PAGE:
Dr Phillip Lee MP: Let's make Paralympics a long-term winnerBy Dr Phillip Lee MP
August 28, 2012
The Paralympics have grown from a small gathering of British World War II veterans in 1948 to become one of the largest international sporting events by the early 21st Century.
And I am very proud to welcome the biggest Paralympic Games to date in London, opening on August 29.
The London Olympic and Paralympic Games provide the opportunity to make a lasting legacy for sport in this country and a big part of that means encouraging more disabled people to be taking part in competitive sports.
Indeed, the Office for Disability Issues estimates there are around 11 million disabled people in the UK, but less than two in 10 disabled people in England are taking part in sport.
This makes it clear there is still a long way to go before disabled people who want to play sports can feel they have every opportunity to do so and we need to ensure a memorable experience of sport and physical activity as given to able-bodied people.
Many are not aware of all the sports on offer.
Each sport at the Paralympic Games requires different skills and competencies as the impact of impairment on the performance of the athletes varies.
That is why each sport has its own unique classification rules.
Sporting activities range from Paralympics archery with 140 athletes displaying concentration and nerves of steel as they compete for gold, to the Paralympic athletics with 1,100 athletes competing for 170 gold medals.
The athletes will demonstrate great strength, power and speed during the competitions.
Some athletes compete in wheelchairs, others with prostheses, and others with the guidance of a sighted companion.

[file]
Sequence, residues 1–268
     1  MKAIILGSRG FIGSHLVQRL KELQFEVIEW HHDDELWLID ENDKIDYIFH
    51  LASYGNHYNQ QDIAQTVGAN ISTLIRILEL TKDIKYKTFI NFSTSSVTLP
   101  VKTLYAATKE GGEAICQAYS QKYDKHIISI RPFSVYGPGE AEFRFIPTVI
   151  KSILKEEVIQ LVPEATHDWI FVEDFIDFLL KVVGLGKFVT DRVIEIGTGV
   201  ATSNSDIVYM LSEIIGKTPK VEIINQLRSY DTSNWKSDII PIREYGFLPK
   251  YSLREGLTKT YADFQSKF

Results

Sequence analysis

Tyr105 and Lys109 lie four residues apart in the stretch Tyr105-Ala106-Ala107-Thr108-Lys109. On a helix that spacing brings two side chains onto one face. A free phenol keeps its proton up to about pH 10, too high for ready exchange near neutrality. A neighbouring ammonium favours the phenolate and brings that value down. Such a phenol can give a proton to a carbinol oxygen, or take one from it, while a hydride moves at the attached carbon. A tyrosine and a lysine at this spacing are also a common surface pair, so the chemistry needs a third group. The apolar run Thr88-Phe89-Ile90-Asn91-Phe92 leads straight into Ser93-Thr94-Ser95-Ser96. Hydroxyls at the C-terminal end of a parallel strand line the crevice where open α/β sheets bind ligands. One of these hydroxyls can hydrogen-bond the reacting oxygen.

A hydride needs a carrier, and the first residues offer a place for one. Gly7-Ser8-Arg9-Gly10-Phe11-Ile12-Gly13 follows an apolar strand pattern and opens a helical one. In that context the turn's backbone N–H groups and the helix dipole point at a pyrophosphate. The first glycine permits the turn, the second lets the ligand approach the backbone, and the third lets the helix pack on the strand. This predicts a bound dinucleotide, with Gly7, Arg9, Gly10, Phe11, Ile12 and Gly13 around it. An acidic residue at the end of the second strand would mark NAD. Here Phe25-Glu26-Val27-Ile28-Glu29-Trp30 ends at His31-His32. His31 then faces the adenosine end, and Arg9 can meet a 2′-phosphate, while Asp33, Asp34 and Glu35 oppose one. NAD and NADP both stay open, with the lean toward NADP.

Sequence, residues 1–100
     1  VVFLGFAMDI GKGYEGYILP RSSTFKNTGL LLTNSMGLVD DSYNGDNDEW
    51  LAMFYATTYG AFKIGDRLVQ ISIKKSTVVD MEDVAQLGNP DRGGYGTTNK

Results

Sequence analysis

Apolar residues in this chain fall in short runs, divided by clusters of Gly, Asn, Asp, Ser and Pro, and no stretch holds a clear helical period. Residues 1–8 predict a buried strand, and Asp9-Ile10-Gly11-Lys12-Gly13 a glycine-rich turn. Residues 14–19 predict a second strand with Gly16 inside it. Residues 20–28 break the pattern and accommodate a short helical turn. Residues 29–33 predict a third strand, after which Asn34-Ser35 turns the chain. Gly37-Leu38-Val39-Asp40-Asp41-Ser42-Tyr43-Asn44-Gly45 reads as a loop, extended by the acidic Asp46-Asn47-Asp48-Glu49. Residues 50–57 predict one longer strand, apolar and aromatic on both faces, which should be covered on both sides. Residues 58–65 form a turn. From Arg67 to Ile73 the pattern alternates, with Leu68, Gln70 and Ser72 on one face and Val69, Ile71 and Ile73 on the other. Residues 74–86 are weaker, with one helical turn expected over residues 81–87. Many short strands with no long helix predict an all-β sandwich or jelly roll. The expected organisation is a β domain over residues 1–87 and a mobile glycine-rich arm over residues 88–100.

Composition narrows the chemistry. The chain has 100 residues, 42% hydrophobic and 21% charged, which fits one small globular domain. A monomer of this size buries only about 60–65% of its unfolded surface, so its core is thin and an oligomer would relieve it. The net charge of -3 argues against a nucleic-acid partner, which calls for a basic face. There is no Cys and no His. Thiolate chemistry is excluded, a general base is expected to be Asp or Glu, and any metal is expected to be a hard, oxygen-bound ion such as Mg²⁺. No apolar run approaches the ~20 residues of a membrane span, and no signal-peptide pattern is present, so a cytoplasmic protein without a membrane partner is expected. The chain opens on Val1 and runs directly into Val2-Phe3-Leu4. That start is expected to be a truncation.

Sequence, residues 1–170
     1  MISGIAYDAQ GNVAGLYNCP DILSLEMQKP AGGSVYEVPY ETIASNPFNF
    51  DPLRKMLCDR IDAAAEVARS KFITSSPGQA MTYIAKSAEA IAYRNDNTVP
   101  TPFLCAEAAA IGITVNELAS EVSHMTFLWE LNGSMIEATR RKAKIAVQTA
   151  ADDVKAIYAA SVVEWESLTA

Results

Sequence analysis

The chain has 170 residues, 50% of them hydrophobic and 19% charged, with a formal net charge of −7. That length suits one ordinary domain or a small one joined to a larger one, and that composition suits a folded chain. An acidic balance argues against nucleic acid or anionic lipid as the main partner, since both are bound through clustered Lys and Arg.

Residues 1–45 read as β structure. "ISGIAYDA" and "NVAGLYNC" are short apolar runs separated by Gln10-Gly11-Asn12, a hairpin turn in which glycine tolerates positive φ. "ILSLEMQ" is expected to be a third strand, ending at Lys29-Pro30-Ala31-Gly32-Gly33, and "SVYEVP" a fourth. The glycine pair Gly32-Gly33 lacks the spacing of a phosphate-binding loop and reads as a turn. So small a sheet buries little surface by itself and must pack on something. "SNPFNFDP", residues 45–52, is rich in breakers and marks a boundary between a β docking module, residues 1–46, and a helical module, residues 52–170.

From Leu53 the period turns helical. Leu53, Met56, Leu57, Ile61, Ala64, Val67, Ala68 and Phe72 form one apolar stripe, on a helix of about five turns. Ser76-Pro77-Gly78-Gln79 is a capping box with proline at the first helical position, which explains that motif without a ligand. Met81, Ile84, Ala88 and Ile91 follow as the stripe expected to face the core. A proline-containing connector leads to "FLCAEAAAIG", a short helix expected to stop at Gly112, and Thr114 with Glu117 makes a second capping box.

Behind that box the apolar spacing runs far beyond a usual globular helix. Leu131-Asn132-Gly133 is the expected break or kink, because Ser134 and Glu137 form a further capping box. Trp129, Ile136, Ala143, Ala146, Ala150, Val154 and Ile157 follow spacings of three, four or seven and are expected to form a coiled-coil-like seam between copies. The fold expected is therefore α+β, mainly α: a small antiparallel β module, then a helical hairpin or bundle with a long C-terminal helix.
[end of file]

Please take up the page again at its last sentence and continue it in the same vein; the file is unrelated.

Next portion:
Perhaps one of the most popular Paralympic sports is goalball, which is played competitively in more than 100 countries.
It was initially developed as a rehabilitation activity for injured soldiers returning from World War II, Goalball has now become one of the most popular sports at the Paralympics.
Locally, the Berkshire School Games celebrated the Paralympics and embraced the principals the Games bring with them; courage, determination and inspiration.
The two-day event showcased disabled sport with a team from the Finchampstead Baptist Centre’s All Stars competing in sport hall athletics and many more.
The many encouraging activities provided an excellent opportunity for all the students to feel a great sense of fulfilment and team work.
The event set an excellent example and taught people to understand that, despite difference, everyone has a value.
In a nutshell, perhaps now is the time to ride the wave of interest in sports and build a sustainable and inspiring future for budding athletes in the Bracknell constituency.
I would like to see a truly lasting legacy from these Paralympics and a big part of that means more young people taking part in competitive sport.
I hope that in the future this engagement will be led by parents and communities creating a culture where competitive sports can thrive.
Finally, I congratulate all of our athletes selected to represent Paralympics GB.
This amazing achievement is the result of years of training and hard work – we will all be right behind you cheering you on as you represent the best of British.